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July 11, 2011 4:30 AM, EDT
Hair Tests Gain Favor Over Urinalysis in Drug Screens by Larger Carriers
By Rip Watson, Senior Reporter

This story appears in the July 11 print edition of Transport Topics.

Hair tests, which could keep more drug-abusing drivers off the road, are starting to gain favor among larger carriers though the number using them still are few and far between, experts said.

C.R. England, Gordon Trucking and Roehl Transport, three Transport Topics Top 100 carriers, are recent converts to hair tests that were pioneered in trucking by J.B. Hunt Transport Services and later by Schneider National.

Proponents say hair tests have revealed as many as 12 times more positive tests, or failures, than the Department of Transportation’s mandatory urinalysis test, which tests for marijuana, cocaine, amphetamines, opiates and PCP. Hair tests can detect drugs at least 45 days after use, compared with just three or four days for urinalysis, several sources said.

“We feel pretty confident we will see the results that will make it worthwhile,” said Steve Gordon, chief operating officer at Gordon, which already disqualified two drivers in the first month that it did hair tests. “Hair is a more thorough test. We hope the industry follows in that direction.”

“We think [hair follicle] is actually a better test than urine,” said John Spiros, vice president of safety and compliance at Roehl, Marshfield, Wis., which started the tests in May. “Urine tests only give you recent results. Urine won’t pick up people who have a history of drug abuse.”

Though a few major fleets are doing hair samples, Ben Johnson, vice president of marketing for FleetScreen Ltd., Fort Worth, Texas, said fewer than 10 of his more than 3,000 carriers do the hair test, formally known as RIAH, or radio immuno assay of hair.

“The small to medium carrier just doesn’t have the financial resources a larger carrier has,” he told Transport Topics on June 28. “It’s because of the costs and the duplication of effort” since hair tests can’t be substituted for DOT’s urinalysis.

Hair tests, he explained, cost at least twice as much as urine tests, which start at around $35.

Based on that estimate, an $80 hair test done 1,000 times annually would eat up the entire $80,000 in profit for a carrier with $2 million revenue and a 96 operating ratio.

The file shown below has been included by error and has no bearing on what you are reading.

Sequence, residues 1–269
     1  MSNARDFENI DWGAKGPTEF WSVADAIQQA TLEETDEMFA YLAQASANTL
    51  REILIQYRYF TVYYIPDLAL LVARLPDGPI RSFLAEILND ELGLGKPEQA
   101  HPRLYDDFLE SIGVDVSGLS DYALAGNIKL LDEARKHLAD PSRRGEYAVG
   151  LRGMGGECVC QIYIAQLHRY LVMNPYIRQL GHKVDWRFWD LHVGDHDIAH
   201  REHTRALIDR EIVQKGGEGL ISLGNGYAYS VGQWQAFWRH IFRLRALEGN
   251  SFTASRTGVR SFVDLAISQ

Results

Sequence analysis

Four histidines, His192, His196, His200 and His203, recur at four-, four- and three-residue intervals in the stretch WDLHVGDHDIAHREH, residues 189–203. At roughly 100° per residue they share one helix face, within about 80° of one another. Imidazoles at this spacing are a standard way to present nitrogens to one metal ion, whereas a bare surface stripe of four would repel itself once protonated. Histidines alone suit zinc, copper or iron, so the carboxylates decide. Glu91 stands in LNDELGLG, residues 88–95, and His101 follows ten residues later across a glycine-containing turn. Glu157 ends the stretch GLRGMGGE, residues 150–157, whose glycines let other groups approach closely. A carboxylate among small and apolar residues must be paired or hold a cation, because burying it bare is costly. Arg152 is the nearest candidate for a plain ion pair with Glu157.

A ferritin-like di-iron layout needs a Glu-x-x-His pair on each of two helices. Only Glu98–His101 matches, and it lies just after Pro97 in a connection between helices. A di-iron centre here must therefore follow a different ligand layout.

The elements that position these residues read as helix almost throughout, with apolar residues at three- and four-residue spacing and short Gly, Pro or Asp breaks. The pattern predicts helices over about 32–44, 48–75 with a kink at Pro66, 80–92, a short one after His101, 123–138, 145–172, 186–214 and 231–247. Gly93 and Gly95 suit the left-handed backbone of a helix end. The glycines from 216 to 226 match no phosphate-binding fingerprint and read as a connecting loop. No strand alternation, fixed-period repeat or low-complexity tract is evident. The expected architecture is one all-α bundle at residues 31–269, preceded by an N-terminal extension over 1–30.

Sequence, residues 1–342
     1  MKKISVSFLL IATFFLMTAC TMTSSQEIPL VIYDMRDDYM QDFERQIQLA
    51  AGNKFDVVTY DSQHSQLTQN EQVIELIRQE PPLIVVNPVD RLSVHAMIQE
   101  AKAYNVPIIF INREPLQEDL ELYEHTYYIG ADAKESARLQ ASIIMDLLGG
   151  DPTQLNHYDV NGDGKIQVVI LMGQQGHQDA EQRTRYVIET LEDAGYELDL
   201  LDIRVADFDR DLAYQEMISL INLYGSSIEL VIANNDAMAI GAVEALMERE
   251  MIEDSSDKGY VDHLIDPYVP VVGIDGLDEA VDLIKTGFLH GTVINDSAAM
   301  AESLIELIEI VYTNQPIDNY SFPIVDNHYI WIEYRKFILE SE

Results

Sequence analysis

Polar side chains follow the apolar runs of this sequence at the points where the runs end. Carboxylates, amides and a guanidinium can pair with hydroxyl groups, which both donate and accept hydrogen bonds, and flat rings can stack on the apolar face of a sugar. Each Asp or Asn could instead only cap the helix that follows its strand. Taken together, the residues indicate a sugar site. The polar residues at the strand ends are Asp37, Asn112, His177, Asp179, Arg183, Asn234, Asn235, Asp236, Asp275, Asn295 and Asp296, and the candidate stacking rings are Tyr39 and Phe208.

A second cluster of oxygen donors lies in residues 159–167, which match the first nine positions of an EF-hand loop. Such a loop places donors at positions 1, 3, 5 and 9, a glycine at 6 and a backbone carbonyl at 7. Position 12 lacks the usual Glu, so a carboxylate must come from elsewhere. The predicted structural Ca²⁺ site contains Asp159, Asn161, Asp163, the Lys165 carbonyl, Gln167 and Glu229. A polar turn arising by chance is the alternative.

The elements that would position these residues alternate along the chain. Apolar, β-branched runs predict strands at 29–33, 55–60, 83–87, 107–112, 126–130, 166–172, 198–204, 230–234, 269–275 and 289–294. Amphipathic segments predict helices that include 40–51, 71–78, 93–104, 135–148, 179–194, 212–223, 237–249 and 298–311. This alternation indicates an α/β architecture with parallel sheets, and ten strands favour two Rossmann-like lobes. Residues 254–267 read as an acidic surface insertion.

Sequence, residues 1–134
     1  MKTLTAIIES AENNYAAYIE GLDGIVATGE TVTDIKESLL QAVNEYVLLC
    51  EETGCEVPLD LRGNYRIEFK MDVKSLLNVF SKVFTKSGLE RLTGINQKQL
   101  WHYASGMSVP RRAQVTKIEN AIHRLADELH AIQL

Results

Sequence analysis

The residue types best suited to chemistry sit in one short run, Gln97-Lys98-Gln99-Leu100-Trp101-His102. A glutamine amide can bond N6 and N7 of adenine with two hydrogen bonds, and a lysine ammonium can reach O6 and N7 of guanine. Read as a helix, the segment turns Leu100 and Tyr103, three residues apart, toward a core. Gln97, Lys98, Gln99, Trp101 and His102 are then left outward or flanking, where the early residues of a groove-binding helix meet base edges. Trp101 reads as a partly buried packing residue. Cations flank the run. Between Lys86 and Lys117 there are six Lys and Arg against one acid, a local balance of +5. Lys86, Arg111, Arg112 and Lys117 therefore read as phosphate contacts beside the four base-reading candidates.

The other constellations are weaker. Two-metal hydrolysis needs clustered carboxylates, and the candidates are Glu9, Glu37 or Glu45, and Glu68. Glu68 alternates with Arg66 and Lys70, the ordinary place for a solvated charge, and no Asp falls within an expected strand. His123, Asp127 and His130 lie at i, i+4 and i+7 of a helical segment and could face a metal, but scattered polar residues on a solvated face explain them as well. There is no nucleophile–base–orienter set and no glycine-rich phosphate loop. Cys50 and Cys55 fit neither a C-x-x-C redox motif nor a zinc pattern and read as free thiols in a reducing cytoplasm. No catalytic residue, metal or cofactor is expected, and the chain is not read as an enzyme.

“The industrywide impact of being able to conduct a pre-employment drug test that reviews a longer screening history is a tremendous improvement over the current federally mandated requirements,” said Dustin England, vice president of C.R. England, which does hair tests on randomly selected candidates during the pre-employment process.

C.R. England found a positive rate of 11% in hair tests and 2.8% for urine tests when the company tested 2,000 candidates.

“Knowing we can keep more potentially dangerous drivers off the roads is a great feeling,” Dustin England said.

DOT last year proposed changes in testing procedures, which prompted American Trucking Associations to urge aggressive evaluation of hair tests.

However, ATA research analyst Abigail Potter told TT that ATA doesn’t expect action on hair testing until a separate review of testing by the Health and Human Services Department.

Both Don Osterberg, senior vice president at Schneider, and Ray Kubacki, CEO of testing firm Psychemedics, praised J.B. Hunt for pioneering the use of hair tests.

Osterberg said hair tests in trucking “still are in their infancy. There is not enough awareness of the success in detection.”

Kubacki said “it is a small group using hair samples, it’s true. The real significance is that two of the largest carriers are doing it.” Hunt ranks No. 8 on the Transport Topics 2010 listing of the Top 100 For-Hire Carriers in the United States and Canada, and Schneider is No. 9.

Osterberg told TT that Schneider had 964 positives out of 25,000 tests, while just 82 people failed the simultaneous urinalysis.

“That means there are 882 chronic users out there who aren’t driving an orange truck,” he said. “The bad news is they are out there driving for someone else, next to our families.”

“We view them as an obligation to the motoring public as a company in a safety sensitive industry that we have safe drivers on the road,” Osterberg said of hair tests.

“Once the economy improves more, you will see a greater increase in carriers adopting these tests,” Kubacki said. “The facts of life, which are incontrovertible, are that you identify more drug abusers with hair tests.”

Psychemedics, on its website, shows an 18% positive rate on a hair tests, compared with 2.7% on a urine test.

The tests were done on 774 workers at office equipment vendor Steelcase Co., Kubacki said.

Johnson said it’s far more difficult to cheat on a hair test because a person’s hair, typically taken from behind the ear, is unique. On the other hand, specimens can be doctored during the urine collection process if a laboratory isn’t vigilant in administering the test, he noted.

Kubacki said, “Hair testing, while relatively new in the trucking industry,” isn’t in corporate America. He said 10% of the Fortune 500 companies use his firm’s service.